Saturday, January 10, 2015

DFO outlines background on conviction from 2014 offence

The Department of Fisheries and Oceans provided some background on a court victory this week stemming from offences placed during the 2014 salmon season.

The case involved a Prince Rupert Commercial Fisherman, Michael Andrew Bullock who was skippering the vessel Hopeful during last summer's salmon season.

He was charged with contravening the conditions of his licence by failing to have it validated by an observer during offloading from the Area F troll fishery.

Mr. Bullock entered a guilty plea in Prince Rupert Provincial court and was fined $3,000 for his offence as well as having to forfeit his landed catch of chinook salmon, valued at $10,791.

On Thursday, DFO reviewed some of the key aspects of current fishing regulations, among the major points:

Catch validation in this fishery is mandatory and must be performed dockside by a service provider approved by Fisheries and Oceans Canada.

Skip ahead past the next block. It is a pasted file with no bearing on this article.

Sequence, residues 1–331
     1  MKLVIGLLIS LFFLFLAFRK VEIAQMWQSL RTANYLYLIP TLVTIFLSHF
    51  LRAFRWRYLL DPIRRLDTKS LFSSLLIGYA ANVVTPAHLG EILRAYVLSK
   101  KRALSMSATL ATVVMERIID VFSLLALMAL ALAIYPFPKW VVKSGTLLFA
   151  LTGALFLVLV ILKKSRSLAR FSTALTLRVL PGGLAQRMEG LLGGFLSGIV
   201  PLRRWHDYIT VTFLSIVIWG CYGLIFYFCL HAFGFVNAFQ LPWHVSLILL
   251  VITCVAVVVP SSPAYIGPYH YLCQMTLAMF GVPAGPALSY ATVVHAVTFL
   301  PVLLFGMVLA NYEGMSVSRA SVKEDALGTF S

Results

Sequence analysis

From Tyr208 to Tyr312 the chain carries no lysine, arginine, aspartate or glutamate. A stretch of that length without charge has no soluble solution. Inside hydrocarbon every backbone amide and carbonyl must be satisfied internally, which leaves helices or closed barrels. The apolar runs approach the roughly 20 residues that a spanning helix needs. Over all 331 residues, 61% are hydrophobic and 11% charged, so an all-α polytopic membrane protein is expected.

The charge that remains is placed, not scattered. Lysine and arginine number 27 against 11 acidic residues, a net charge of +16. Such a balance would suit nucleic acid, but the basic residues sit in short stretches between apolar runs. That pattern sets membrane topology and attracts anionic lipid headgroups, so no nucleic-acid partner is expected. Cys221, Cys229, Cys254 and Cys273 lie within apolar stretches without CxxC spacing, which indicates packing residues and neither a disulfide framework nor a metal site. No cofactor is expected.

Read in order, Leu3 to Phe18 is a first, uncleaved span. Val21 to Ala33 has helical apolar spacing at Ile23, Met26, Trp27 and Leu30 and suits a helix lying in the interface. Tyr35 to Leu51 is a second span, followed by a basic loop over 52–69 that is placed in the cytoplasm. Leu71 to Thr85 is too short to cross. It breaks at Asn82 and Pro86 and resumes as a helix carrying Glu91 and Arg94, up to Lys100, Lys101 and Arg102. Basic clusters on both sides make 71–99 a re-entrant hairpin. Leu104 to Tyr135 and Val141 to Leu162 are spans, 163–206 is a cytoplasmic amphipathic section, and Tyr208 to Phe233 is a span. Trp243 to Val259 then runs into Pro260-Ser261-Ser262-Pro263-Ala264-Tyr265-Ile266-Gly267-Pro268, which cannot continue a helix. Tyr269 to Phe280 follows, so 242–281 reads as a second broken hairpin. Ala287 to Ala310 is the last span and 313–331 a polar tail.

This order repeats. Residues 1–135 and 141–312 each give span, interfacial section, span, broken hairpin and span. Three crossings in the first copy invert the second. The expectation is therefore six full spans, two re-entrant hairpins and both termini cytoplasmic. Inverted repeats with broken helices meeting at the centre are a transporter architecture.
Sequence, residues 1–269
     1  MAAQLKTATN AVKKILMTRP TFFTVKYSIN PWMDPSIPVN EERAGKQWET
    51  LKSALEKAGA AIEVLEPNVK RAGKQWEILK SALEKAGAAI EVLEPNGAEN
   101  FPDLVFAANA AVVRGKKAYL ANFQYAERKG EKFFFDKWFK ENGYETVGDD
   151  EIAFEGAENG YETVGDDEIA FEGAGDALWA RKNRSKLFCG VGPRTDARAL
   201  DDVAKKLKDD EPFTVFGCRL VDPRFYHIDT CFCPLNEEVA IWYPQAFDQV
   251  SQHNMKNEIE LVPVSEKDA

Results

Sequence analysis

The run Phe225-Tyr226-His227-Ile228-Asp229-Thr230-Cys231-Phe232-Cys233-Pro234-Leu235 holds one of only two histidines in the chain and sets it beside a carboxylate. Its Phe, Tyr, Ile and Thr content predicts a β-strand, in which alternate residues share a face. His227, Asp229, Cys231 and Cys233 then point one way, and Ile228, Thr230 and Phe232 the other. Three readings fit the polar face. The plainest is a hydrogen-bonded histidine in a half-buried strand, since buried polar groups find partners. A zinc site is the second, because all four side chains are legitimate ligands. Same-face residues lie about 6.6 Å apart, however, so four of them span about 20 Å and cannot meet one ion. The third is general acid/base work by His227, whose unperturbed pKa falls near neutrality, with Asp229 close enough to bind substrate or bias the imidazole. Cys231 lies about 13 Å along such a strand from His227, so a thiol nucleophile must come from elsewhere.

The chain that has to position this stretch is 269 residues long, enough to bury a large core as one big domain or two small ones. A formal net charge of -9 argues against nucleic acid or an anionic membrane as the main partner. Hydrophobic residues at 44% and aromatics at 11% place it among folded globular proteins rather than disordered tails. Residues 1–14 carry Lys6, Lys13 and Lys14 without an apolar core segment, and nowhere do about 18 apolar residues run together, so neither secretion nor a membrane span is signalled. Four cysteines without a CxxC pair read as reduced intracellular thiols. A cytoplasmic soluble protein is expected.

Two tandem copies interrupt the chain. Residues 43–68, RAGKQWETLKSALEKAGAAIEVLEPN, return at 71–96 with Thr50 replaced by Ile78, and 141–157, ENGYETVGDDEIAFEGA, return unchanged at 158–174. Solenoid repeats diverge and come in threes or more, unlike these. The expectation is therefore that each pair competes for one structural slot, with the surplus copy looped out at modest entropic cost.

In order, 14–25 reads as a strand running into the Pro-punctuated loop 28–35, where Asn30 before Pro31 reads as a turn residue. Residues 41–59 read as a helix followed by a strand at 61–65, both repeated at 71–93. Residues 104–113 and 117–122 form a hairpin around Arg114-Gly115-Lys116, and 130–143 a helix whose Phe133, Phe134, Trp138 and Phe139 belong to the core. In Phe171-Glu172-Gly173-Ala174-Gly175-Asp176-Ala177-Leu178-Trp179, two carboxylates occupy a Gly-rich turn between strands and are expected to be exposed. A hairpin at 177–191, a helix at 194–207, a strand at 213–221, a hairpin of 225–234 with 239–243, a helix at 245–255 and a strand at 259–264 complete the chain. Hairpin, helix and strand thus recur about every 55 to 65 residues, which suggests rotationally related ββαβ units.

A comprehensive risk‐based monitoring and catch reporting program is essential for evaluating and reporting a fishery's progress towards long‐term sustainability. 

Accurate data reporting is integral to the management of British Columbia's fisheries, and comprehensive monitoring and reporting systems can help to maintain or improve access to fishing opportunities for harvesters, coastal communities and other stakeholders. 

A robust monitoring and catch reporting system across all Pacific fisheries inspires increased public confidence, fosters collaborative management, and supports an ecosystem approach.

You can review more about the recently completed court case from DFO's media release here, more on compliance and enforcement issues can be found from the Fisheries and Oceans website.

For more items related to the North Coast Fishing industry see our archive page here.

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